Mutations of human DNA topoisomerase I at poly (ADP-ribose) binding sites: Modulation of camptothecin activity by ADP-ribose polymers

Cinzia Tesauro, Grazia Graziani, Barbara Arnò, Laura Zuccaro, Alessia Muzi, Ilda D'Annessa, Elettra Santori, Lucio Tentori, Carlo Leonetti, Paola Fiorani, Alessandro Desideri

Research output: Contribution to journalArticlepeer-review

Abstract

Background: DNA topoisomerases are key enzymes that modulate the topological state of DNA through the breaking and rejoining of DNA strands. Human topoisomerase I belongs to the family of poly(ADP-ribose)-binding proteins and is the target of camptothecin derived anticancer drugs. Poly(ADP-ribosyl)ation occurs at specific sites of the enzyme inhibiting the cleavage and enhancing the religation steps during the catalytic cycle. Thus, ADP-ribose polymers antagonize the activity of topoisomerase I poisons, whereas PARP inhibitors increase their antitumor effects. Methods: Using site-directed mutagenesis we have analyzed the interaction of human topoisomerase I and poly (ADP-ribose) through enzymatic activity and binding procedures. Results: Mutations of the human topoisomerase I hydrophobic or charged residues, located on the putative polymer binding sites, are not sufficient to abolish or reduce the binding of the poly(ADP-ribose) to the protein. These results suggest either the presence of additional binding sites or that the mutations are not enough perturbative to destroy the poly(ADP-ribose) interaction, although in one mutant they fully abolish the enzyme activity. Conclusions: It can be concluded that mutations at the hydrophobic or charged residues of the putative polymer binding sites do not interfere with the ability of poly(ADP-ribose) to antagonize the antitumor activity of topoisomerase I poisons.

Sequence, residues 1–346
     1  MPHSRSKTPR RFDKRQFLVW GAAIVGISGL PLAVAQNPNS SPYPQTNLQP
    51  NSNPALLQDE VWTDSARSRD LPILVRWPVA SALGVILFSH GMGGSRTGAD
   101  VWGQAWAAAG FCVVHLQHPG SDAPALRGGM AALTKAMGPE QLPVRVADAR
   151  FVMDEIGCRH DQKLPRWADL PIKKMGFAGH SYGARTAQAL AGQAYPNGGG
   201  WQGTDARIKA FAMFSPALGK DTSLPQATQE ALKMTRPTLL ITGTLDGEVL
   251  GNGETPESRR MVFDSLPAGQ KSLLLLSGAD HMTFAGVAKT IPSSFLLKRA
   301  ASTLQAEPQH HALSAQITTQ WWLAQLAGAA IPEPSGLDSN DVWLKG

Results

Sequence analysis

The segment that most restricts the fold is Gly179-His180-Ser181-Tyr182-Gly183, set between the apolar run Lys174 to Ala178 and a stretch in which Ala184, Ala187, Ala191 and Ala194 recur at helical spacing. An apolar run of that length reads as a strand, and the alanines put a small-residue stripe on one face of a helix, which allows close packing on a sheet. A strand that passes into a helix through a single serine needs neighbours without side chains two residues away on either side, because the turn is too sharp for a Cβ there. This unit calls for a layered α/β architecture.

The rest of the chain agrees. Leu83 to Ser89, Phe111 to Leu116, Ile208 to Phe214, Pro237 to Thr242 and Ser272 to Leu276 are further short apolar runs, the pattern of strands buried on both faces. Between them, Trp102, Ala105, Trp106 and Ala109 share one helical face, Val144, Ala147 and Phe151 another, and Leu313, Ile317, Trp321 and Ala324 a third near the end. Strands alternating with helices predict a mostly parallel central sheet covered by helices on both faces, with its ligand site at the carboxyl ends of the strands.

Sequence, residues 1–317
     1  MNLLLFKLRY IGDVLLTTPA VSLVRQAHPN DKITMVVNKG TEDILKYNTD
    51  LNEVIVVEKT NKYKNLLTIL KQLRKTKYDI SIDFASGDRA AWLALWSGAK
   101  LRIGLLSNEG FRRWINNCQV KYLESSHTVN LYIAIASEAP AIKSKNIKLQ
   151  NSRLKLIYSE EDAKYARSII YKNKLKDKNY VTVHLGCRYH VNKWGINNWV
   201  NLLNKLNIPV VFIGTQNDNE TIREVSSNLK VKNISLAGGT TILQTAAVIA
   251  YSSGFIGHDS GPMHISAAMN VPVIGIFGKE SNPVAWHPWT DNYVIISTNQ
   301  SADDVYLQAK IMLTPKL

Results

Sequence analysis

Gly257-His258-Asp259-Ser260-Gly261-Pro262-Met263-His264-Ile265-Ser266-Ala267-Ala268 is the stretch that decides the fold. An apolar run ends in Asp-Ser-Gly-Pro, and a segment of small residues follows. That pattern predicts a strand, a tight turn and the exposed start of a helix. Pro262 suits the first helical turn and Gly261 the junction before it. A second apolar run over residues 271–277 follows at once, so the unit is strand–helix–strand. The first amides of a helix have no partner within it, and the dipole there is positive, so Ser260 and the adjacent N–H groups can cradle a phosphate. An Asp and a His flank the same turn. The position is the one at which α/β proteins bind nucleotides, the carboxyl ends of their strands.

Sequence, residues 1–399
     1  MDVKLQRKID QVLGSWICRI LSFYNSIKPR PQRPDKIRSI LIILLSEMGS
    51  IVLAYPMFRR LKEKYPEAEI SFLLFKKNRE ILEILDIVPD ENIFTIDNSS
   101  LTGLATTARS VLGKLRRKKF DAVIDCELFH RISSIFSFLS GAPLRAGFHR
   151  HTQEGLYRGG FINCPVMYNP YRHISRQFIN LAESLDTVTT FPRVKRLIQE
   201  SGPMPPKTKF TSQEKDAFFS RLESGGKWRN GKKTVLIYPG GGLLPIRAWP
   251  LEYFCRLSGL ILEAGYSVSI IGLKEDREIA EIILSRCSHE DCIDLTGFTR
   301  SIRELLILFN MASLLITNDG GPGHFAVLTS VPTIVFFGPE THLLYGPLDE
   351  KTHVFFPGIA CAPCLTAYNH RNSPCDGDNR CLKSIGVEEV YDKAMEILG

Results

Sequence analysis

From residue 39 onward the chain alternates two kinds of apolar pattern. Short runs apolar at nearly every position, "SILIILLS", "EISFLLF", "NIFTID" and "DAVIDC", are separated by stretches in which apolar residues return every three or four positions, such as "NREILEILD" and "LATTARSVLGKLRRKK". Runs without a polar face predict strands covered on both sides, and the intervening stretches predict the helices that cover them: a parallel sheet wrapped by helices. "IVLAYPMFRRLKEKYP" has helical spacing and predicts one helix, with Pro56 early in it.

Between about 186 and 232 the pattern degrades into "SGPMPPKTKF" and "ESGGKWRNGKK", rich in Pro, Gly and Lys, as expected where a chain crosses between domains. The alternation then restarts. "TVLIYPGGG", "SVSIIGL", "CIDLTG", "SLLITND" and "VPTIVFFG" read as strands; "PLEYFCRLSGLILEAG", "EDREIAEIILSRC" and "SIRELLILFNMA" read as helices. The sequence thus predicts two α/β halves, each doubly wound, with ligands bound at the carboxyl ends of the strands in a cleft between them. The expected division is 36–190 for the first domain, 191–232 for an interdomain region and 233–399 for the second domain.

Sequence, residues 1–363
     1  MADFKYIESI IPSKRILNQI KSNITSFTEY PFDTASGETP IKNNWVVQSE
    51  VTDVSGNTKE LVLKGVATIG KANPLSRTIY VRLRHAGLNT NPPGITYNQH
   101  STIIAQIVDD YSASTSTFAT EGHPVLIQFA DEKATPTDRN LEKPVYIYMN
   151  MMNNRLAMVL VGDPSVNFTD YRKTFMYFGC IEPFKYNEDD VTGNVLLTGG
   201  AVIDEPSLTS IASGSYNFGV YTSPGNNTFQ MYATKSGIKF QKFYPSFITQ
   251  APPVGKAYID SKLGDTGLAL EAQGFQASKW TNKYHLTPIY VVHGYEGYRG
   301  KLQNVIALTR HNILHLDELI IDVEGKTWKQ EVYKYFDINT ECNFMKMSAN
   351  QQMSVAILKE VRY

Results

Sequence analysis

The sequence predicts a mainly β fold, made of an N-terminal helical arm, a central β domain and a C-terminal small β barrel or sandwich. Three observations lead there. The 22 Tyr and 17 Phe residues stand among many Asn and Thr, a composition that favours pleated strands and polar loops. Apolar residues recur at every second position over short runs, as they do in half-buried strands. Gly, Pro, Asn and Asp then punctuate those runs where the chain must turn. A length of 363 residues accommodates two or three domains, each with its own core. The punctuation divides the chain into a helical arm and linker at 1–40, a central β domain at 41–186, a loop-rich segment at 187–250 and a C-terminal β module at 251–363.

Original languageEnglish
Article number71
JournalJournal of Experimental and Clinical Cancer Research
Volume33
Issue number1
DOIs
Publication statusPublished - 2014

Keywords

  • Camptothecin
  • Cleavage
  • PARP inhibitors
  • PARylation
  • Religation rate
  • Topoisomerase I

ASJC Scopus subject areas

  • Cancer Research
  • Oncology

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